A piano trio sings a hymn of praise to the musical genius of Fanny
The popular telling of musical history links the title ‘Songs Without Words’ inextricably to composer Felix Mendelssohn. His eight volumes of short, lyrical pieces composed between 1829-45 were popular amongst middle-class families across Europe, for whom piano ownership was becoming the norm. But Mendelssohn biographies suggest that this title connects just as closely with Felix’s older sister, Fanny. The descriptor may have originated in a game that Felix and Fanny played as children, where they attempted to add lyrics to piano pieces. Fanny herself also composed lyrical piano works and called these pieces ‘Lieder for the Piano’- a title with identical connotations to Felix’s better-known works. Furthermore, composer Charles Gounod claimed in his memoirs that some of Felix’s ‘Songs Without Words’ were in fact composed by Fanny but published under Felix’s name.
My ‘Songs Without Words’ are a set of three short pieces for Piano Trio, all composed in an unapologetically melodic and lyrical style. I have come to think of the process of composing these pieces as ‘Historically Informed Composition’- perhaps this is a little silly, as we composers never operate in a vacuum devoid of historical influence. Certainly though, in composing ‘Songs Without Words’ I was more conscious than usual in my choice of influences, and deliberate in my use of quotation. The references to specific chamber works by Fanny and Felix creates a set which, I hope, tell a little of the life, music and relationship between these two talented composers.
Fanny Mendelssohn (b. 1805) and Felix Mendelssohn (b. 1809) were prodigiously talented musicians and composers, both benefitting from extensive musical training from a young age. Their father, Abraham Mendelssohn Bartholdy, was generous in his support for his children’s musical education, but particular in how he saw the paths of the talented brother and sister diverging in the future. Gifts brought home following a business trip to Paris revealed his double-standard: Felix received writing implements to enable him to compose his first opera, while fourteen-year-old Fanny received a bejewelled necklace.
In 1820, Abraham wrote in a letter to Fanny:
“What you wrote to me about your musical occupations with reference to and in comparison with Felix was both rightly thought and expressed. Music will perhaps become his profession, whilst for you it can and must only be an ornament, never the root of your being and doing.”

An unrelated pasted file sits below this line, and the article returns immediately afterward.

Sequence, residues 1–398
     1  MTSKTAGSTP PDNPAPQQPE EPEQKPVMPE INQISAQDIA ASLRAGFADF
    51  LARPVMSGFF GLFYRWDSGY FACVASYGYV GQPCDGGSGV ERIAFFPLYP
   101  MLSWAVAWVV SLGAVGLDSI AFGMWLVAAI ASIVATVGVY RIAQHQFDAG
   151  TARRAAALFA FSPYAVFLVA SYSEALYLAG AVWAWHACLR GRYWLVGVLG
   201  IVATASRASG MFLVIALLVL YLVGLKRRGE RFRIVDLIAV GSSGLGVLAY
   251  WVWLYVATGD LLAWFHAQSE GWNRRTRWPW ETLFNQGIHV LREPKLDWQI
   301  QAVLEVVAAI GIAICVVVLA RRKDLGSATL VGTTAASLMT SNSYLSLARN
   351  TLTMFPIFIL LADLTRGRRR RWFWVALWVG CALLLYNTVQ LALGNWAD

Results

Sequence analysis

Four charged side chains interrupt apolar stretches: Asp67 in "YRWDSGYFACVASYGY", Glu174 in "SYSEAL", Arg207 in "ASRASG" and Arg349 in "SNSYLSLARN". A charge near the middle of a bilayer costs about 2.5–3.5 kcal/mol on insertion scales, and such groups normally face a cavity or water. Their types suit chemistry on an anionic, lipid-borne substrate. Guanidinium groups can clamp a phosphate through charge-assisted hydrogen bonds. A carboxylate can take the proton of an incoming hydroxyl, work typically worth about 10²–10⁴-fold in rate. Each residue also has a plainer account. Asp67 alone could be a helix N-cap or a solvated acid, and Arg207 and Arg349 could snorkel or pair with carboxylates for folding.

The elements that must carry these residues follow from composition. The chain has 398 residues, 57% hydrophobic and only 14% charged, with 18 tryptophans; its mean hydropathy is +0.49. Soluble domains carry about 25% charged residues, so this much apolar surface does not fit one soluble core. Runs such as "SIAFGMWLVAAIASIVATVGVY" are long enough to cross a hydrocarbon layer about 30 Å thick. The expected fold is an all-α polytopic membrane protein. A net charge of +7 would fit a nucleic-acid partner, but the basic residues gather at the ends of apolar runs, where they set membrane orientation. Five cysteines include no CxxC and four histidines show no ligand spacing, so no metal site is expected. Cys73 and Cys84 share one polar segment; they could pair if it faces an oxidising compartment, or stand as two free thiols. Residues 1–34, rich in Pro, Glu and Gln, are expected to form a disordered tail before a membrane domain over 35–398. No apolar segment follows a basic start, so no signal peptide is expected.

In the original German, Abraham refers to the ‘zierde’ (ornament) that music might be for Fanny, alongside the ‘grundbass’ (root) that it might become for her brother. Felix went on to be celebrated throughout Europe as a composer, conductor and performer; Fanny’s music making was confined to the private domestic sphere. Felix had his first composition published at aged 13; Fanny contemplated publishing for many years before finally doing so at the age of 40. Felix is considered one of the greatest composers of the Romantic era; Fanny’s music remained in obscurity until the later part of the 20th Century.
Ornamental is characterised by two musical elements- a repeated bass line or ‘ground bass’, and a deceptively simple but highly ornamented melodic fragment. The work presents a solid structural foundation but is intended to be heard and appreciated for its attractive qualities. It is both serious and decorative; music planned with ‘masculine’ intention but betraying a ‘feminine’ aesthetic; the work of a professional composer, and the creative outpourings of a wife and a mother, playing her piano at home.
Throughout their lifetime, Fanny was Felix’s most trusted musical advisor, and he hers. The siblings maintained a ritual of sharing scores, offering suggestions, and giving critical feedback to one another about their compositions. In 1822, Fanny wrote:
“He (Felix) never commits an idea to paper without my having examined it first. Thus, for example, I knew his operas by heart before even one note was written down.”
In a similar vein, Felix recognised the uncanny similarities between some of his and Fanny’s works, demonstrating that their shared upbringing and continued closeness resulted in similar musical approaches:
“I received your Prelude No. 6 in B flat major to my Fugue in B flat, for it really is the same inside and out… it is nice that our thoughts remain so close to one another.”